As mentioned previously, both Science and Religion are seeking Truth.  They both hold that there is truth to be found and that conflicting truth claims cannot ultimately stand together.  The conflict between these two entities has arisen largely due to this fact.  However, there is a misunderstanding between both Science and Religion at this point as well.  Although they are both in pursuit of Truth they do not ask the same types of questions, nor do they use the same methods for deducing the truth of their claims.  It is my conviction that Science and Religion are compatible for this reason.  They are looking at Truth from different perspectives and disciplines.  I will explain further the types of questions each discipline employs and why it is problematic when each oversteps its bounds.

Let us first look at Science and the type of question it asks within the scope of its field.  As noted previously, Science uses the method of observation to construct how the world works.  It asks questions of “how.”  How did the world come to exist?  How do particles work?  How does the brain work?  How do plants make food?  These are testable, definable questions that may be studied with the power of observation and intuition.  If a theory is incorrect, you modify it and test again until you find a solution.  In a quest for knowledge, this may not be expedient but it is satisfying as a method for learning.  It is little wonder people desire the same principles to be applied to Religion as well.  For, if one can observe it then it can be tested and validated or proven false.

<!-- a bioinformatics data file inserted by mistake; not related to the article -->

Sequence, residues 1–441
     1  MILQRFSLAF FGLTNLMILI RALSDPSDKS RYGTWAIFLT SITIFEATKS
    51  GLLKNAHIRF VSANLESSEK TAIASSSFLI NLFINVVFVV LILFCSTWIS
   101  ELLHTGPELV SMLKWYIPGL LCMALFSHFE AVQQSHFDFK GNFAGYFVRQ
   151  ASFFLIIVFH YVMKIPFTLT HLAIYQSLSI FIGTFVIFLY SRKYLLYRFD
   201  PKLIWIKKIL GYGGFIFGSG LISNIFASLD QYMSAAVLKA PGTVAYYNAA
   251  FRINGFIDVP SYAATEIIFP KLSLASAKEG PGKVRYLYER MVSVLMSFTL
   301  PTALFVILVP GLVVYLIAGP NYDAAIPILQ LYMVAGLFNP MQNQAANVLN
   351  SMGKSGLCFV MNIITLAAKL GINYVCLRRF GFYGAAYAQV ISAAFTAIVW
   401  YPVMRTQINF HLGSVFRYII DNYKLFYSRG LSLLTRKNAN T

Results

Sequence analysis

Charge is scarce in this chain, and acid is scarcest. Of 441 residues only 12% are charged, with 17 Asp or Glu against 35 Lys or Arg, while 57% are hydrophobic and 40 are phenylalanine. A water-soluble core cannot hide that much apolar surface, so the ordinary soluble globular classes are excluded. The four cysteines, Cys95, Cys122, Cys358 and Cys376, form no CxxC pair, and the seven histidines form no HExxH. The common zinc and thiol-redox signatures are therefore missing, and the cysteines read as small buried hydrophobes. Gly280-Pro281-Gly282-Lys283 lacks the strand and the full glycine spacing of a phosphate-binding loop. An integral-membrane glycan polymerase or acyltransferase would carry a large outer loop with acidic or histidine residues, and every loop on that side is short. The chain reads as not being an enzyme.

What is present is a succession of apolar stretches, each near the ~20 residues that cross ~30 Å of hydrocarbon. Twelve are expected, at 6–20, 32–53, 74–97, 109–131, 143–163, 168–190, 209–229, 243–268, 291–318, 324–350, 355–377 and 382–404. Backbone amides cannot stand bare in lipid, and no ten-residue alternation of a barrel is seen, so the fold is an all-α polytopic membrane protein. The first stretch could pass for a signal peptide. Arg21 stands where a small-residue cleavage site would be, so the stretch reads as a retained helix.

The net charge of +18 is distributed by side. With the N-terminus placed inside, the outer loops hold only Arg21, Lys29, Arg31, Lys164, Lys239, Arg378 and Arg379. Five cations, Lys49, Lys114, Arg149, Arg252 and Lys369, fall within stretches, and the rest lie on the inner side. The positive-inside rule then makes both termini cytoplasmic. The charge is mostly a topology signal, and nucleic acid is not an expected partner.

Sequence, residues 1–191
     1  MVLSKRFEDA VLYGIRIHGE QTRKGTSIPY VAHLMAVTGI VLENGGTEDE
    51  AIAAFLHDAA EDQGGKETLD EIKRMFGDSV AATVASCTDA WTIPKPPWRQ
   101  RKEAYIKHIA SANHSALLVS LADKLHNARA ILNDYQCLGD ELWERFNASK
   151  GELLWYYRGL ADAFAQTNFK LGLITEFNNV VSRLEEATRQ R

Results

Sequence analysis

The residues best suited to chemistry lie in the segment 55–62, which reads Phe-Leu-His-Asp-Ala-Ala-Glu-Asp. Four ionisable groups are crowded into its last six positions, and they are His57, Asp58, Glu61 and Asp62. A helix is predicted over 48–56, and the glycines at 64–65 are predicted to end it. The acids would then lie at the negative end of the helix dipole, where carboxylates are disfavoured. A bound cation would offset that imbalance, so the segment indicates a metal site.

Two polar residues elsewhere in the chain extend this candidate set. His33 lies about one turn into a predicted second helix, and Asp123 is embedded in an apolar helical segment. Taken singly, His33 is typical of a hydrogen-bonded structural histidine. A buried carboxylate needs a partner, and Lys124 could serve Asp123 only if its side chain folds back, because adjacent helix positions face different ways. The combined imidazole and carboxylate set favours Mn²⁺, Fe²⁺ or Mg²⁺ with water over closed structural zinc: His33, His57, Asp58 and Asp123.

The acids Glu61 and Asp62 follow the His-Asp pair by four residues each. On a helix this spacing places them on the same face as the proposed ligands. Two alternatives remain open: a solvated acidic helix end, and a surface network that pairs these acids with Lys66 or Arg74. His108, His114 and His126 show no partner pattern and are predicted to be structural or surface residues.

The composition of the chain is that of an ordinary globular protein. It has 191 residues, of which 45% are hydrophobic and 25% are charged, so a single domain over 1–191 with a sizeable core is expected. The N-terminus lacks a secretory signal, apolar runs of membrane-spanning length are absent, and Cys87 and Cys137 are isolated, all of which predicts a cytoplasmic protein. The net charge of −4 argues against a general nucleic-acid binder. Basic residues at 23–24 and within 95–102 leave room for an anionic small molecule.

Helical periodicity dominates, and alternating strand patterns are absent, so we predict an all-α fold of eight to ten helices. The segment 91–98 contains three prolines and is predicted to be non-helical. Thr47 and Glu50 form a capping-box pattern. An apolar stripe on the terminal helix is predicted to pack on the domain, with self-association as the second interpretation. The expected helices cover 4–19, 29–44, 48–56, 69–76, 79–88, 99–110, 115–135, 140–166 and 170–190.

Next, let us look at Religion’s question by which it operates.  Religion seeks to answer the question “why.”  Why is there something rather than nothing?  Why am I here?  Why is there evil and pain (although not every religion believes in evil)?  These are the types of questions which Religion seeks to answer.  These questions deal with subjects that are not easily, if at all, observable.  However, these beliefs are still subject to the principles of reason.  Their tendency has been to look at metaphysical explanations for why things have come about.

The tension and the problem is found when Science or Religion move beyond the scope of their question that they are suited to answer.  Science cannot answer the “why” questions that Religion seeks to answer and vice versa.  For instance, an article by Chris McGillion details an attempt to explain off Religious experience with neuroscience:

Many neuroscientists claim they can locate and explain brain functions that produce everything from religious visions to sensations of bliss, timelessness or union with a higher power… By stimulating the cerebral region presumed to control notions of self, Persinger has been able to induce in hundreds of subjects a ‘sensed presence’ of which only the subjects themselves are aware.

Although this study may indeed show that such experiences can be stimulated, it does not disprove the existence of God.  One can simply say that God created the brain to be able to experience such things.  Plus, it does not hold that just because something is not directly observable that it thus does not exist.  For instance, one cannot prove or disprove the love I had for my grandfather who is now deceased.  It might even be possible to stimulate my brain to experience some of those same feelings or a memory of my grandfather, but this does not prove or disprove that “love’s” existence.  Thus, Science makes a fundamentally flawed move from reality to metaphysics.